Ideas for Leaders #357

Managing Cross-industry Innovation

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Key Concept

Cross-industry collaborations can combine and ‘re-configure’ existing technologies and lead to the development of new ‘applications’. Their success, however, depends on more than a culture of enterprise and a commitment to innovation at the ‘partnership’ companies. Procedural and organizational factors can make or break interindustry product development. 

Idea Summary

How do you combine previously unconnected technologies in an entirely new product ‘architecture’?

This is a particularly important question when the development project involves collaboration with other industries and companies — and between specialists who have different ways of doing things and haven’t worked together before. Recent research addresses it by analyzing and comparing three case studies from the mobile communications sector.

The three projects were similar in nature: all involved the development of applications for services that were already being provided by more traditional means. They differed significantly in terms of ‘set up’, however. The first, a mobile payment project, involved a start-up and its suppliers, the second, in mobile banking, a contractual alliance between a mobile network operator and a retail bank, while the third, the development of a mobile television application, consisted of a less formal arrangement between an information technology business, a TV producer and a communications equipment supplier. The structural and organizational differences allowed the researchers to ‘isolate’ or identify the management or procedural factors that contribute to high performance more reliably.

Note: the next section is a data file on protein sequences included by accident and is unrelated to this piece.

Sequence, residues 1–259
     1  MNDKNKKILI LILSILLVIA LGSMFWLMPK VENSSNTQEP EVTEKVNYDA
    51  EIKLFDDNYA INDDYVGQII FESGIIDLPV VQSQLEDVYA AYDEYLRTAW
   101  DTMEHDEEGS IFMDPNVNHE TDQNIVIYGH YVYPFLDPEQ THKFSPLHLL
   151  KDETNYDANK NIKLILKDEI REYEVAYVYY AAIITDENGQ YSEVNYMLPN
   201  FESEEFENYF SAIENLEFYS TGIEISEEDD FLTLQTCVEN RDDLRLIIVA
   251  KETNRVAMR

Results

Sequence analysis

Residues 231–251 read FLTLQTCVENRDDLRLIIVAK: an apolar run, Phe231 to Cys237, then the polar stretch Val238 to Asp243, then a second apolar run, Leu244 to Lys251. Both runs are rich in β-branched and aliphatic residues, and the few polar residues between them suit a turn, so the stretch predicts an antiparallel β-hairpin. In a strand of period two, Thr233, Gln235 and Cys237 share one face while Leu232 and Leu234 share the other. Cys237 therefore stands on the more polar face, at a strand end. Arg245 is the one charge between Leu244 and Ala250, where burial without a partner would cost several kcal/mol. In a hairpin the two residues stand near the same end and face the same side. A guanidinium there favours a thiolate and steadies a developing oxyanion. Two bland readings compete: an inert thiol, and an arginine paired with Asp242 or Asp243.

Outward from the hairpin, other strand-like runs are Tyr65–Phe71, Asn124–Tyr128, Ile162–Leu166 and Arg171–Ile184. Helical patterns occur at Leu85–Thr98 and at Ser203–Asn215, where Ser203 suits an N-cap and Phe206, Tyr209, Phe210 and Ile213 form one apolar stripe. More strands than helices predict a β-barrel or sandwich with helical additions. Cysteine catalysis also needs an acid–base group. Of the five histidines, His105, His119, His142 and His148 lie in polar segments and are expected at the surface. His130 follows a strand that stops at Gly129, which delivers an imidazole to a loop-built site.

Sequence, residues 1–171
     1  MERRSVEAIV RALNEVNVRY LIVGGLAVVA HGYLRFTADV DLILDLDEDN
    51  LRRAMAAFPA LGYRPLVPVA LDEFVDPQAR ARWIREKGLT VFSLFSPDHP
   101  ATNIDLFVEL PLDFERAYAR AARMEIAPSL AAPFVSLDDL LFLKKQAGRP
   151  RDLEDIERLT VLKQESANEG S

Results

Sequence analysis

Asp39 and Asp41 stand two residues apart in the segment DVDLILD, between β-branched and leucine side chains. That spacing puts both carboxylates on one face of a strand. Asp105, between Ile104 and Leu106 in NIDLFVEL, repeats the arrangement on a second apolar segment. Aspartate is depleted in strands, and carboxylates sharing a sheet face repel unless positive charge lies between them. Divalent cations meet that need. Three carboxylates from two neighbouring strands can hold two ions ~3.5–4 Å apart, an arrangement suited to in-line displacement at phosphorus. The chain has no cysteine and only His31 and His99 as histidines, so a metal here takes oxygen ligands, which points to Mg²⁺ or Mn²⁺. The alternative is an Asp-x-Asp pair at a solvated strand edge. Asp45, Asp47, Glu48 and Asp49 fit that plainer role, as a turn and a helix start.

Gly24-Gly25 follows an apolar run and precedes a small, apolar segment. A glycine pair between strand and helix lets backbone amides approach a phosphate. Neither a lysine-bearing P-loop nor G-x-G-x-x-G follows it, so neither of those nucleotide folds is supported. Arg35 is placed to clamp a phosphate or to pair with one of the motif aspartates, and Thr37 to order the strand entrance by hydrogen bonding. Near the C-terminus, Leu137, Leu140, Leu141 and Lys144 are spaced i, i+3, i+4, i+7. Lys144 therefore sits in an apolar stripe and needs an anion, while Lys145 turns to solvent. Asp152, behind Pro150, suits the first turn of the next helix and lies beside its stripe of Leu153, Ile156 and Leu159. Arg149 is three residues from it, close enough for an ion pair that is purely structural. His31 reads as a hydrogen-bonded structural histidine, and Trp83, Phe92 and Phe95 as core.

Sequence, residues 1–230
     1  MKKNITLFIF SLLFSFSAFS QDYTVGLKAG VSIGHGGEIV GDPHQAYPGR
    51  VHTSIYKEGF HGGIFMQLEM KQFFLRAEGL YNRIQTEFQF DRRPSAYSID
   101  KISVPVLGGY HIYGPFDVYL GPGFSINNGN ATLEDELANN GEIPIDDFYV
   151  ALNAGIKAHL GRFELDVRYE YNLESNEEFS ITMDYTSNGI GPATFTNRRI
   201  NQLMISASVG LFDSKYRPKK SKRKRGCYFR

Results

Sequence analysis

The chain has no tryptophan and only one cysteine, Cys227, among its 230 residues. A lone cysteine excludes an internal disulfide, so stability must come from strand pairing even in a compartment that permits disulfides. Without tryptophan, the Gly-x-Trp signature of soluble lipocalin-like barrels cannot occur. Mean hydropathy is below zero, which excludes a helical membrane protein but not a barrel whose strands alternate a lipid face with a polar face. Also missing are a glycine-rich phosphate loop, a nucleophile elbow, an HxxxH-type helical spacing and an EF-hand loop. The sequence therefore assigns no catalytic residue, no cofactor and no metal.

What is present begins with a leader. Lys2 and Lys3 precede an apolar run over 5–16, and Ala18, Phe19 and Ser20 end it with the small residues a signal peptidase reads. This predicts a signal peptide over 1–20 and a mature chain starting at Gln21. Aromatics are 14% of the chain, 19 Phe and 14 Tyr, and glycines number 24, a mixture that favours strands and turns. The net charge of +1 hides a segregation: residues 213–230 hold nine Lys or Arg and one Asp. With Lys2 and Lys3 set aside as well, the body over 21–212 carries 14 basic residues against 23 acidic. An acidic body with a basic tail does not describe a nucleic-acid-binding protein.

The study combined analysis of publicly available information and of primary data gathered by interviews. The results lay the foundation for a ‘configurational theory’ that should help leaders better understand the ‘optimal’ conditions for interindustry innovation. They point, in particular, to three essential elements in successful projects:

  • ‘Differentiation’: direct input from specialists from the different industries involved. (The start-up experienced serious difficulties as a result of the failure of operators and banks to participate fully.)
  • Integration: close and intense co-ordination between specialists to allow for ‘mutual adjustment’ and information exchange, and, crucially, the development of detailed knowledge of the different component technologies and how they are to be combined.
  • Timely decision-making and conflict resolution: a ‘consensus with qualification’ approach in which one specialist has the authority to make decisions and therefore the ability to prevent costly disputes and delays. (In the mobile banking example, the absence of clear project leadership delayed the project and contributed to the continuation of conflicts between the bank and the mobile operator.)

Importantly, the core principles outlined above can be applied to sectors outside the mobile communications industry — for example, medicine and healthcare, where development projects often lie at the intersection of traditional pharmaceuticals and biotechnology.

Combined, the three elements identified in the research form an ‘ideal-typical’ configuration for interindustry innovation.

Business Application

Cross-industry collaboration has led to the development of transformative innovations. Fibre optics, for example, were the result of the fusion of glass, cable and electronics technologies. It needs, however, to be actively and effectively managed.

The case studies suggest that a number of ‘mechanisms’ can be ‘designed in’. These include:

  • ‘Solution architects’: representatives from both or all ‘sides’ who liaise daily and meet frequently.
  • ‘Test managers’: people who provide detailed feedback to the solution architects and test changes and alternative solutions.
  • Steering committees: decision-making bodies made up of representatives from both/all companies and closely involved in the project.
  • Formal clarification of the roles and responsibilities of project team members. (This is particularly important where the collaboration is a joint venture of equal partners and no one party has obvious authority.) 
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Authors

Institutions

Source

Idea conceived

  • March 2012

Idea posted

  • April 2014

DOI number

10.13007/357

Subject

Real Time Analytics